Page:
Describes general attributes of objects. Describes general attributes of objects and sorts them by physical characteristics. Describes several attributes of objects and sorts them into physical characteristics and usage. Describes specific attributes of objects and sorts them into novel categories.
 
Identifies some services in the community. Identifies and describes several services in the community. Identifies and describes services in the community and makes general connections to daily life of people who use them. Identifies and describes services in the community and makes insightful connections to daily life of people who use them.
Describes personal and family practices. Describes and assesses personal and family practices. Describes and assesses personal and family practices with some supporting evidence. Describes and assesses personal and family practices in detail with strong supporting evidence.
 
Demonstrates superficial knowledge of technology used for household waste disposal. Demonstrates knowledge of technology used for household waste disposal. Demonstrates general knowledge of technology used for household waste disposal and assesses impact with some supporting evidence. Demonstrates detailed knowledge of technology used for household waste disposal and assesses impact with strong supporting evidence.

Lesson 1: Unwanted Cell Phones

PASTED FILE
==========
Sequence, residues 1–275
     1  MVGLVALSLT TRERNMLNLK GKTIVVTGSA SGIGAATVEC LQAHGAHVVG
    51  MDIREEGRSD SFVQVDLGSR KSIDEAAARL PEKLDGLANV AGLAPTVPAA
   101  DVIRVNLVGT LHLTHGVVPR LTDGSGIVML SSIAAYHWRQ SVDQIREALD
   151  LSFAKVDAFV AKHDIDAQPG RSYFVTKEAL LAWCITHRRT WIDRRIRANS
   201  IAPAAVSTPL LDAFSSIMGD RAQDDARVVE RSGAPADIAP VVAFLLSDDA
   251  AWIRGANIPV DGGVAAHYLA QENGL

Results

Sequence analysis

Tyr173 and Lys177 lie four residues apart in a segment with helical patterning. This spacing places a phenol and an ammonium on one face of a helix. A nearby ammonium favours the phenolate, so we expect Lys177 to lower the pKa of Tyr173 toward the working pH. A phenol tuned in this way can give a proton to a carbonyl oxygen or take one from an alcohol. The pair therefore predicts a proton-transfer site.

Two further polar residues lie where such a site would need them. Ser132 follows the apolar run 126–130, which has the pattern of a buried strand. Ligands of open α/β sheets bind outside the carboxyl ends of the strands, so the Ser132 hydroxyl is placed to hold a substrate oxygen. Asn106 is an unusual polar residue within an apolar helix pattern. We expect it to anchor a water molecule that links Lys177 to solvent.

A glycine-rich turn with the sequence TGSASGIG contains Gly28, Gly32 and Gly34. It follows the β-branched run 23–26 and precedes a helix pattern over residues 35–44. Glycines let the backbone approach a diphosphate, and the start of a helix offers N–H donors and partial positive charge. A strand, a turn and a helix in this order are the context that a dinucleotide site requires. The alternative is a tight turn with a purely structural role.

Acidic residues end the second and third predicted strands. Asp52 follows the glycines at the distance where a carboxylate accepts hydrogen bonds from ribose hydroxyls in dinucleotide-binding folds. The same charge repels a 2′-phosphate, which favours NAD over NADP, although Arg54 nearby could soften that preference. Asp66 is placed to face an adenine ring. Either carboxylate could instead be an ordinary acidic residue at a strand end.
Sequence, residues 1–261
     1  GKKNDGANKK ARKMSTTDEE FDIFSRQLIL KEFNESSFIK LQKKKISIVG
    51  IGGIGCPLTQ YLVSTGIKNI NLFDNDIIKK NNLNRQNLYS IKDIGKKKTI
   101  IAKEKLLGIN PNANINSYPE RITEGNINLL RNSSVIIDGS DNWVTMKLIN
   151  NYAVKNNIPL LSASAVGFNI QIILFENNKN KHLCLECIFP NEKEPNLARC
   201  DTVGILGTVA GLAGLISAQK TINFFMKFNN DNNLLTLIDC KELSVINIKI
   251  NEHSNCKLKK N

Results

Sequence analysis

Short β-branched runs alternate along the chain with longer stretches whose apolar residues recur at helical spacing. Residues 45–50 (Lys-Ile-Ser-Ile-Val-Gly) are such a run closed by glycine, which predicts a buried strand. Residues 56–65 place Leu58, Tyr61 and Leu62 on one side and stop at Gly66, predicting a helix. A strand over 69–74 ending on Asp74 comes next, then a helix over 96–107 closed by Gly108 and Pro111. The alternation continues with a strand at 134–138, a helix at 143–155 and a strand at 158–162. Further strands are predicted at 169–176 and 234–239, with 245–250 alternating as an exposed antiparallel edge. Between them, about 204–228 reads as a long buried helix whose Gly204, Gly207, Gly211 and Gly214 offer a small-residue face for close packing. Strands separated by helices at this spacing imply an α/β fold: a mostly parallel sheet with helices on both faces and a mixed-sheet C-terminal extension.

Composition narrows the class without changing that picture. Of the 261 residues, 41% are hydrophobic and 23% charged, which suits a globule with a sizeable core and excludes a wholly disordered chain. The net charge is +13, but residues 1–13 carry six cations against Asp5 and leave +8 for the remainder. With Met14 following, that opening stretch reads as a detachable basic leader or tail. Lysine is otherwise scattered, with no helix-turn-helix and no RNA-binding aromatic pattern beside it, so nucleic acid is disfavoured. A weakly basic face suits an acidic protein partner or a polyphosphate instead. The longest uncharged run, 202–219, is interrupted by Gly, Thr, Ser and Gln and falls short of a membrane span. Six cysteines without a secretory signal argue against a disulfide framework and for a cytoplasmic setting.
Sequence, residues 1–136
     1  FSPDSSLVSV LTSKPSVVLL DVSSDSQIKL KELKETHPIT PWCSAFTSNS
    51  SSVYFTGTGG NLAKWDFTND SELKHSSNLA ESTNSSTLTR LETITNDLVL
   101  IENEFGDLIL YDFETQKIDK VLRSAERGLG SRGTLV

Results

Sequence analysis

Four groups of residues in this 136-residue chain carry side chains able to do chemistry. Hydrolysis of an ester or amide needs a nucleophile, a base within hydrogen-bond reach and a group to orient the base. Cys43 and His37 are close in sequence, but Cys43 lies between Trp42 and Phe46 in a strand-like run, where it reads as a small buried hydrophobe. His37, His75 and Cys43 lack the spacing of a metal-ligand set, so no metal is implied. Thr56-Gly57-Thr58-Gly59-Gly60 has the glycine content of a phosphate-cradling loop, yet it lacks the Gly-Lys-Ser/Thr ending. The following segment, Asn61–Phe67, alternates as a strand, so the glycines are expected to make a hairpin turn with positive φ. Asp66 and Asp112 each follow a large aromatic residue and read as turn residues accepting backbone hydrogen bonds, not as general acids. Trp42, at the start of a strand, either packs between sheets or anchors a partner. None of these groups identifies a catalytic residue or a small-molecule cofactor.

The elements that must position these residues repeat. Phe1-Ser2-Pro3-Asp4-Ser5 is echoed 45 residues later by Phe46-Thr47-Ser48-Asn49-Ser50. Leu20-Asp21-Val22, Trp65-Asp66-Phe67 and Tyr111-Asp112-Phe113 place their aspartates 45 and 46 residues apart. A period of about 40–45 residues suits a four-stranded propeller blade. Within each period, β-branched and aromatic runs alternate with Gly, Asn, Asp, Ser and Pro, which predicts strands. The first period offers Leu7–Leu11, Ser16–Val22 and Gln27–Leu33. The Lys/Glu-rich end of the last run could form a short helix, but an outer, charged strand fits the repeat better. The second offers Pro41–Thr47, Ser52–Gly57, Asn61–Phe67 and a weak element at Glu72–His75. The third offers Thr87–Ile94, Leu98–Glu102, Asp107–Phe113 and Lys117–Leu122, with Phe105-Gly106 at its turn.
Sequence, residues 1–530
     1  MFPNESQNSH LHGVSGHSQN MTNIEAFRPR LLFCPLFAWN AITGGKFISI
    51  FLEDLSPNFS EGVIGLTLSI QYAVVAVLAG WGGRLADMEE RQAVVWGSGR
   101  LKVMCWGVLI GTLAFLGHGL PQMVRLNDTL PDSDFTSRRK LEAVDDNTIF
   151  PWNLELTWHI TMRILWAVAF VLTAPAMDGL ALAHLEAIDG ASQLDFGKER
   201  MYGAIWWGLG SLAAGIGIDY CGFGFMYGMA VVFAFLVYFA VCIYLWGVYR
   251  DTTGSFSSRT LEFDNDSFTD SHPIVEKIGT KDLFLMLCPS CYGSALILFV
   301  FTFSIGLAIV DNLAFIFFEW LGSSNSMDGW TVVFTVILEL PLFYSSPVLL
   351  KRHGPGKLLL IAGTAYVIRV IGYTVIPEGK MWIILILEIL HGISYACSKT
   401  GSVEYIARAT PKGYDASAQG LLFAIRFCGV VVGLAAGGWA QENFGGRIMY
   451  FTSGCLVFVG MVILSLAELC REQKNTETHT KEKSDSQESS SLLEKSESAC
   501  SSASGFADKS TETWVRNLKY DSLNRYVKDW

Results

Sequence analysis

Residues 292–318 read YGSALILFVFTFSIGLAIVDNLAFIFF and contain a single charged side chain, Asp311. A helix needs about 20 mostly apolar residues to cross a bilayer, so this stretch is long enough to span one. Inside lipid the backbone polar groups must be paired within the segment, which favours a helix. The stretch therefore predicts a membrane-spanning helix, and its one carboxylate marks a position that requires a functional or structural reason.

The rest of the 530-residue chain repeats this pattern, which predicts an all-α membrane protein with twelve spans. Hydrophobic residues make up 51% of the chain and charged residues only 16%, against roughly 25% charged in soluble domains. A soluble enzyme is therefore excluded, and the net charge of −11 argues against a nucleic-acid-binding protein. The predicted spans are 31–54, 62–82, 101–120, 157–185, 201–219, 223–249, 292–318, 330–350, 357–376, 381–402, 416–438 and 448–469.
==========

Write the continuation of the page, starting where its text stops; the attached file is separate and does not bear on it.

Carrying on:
Lesson

Estimated Completion Time: 2+ hours

Learning Objectives:

Mathematics

  • Demonstrate an understanding of data displayed in a graph.
  • Gather data to answer a question, using a simple survey with a limited number of responses.
  • Display data in a pictograph with appropriate titles and labels.

Social Studies

  • Formulate and pose questions to investigate the relationship between the natural environment and the ways in which people live.
  • Gather and organize information about the way people live and choices they make regarding technology.
  • Interpret and analyse information relevant to an investigation.

Language Arts

  • Use speaking and listening to interact with others for the purposes of gathering data.
  • Use writing or speaking to present a central idea with supporting details from discussion or investigation.

Assignments:

  • Create a pictograph of cell phone disposal practice.
  • Practice and perform a newscast about cell phone disposal.

Activity:

Begin this lesson by discussing cell phone use in the families of the students in the class, talking about who has cell phones in their family and how they are used (e.g., for work, to speak or text with friends, to play games).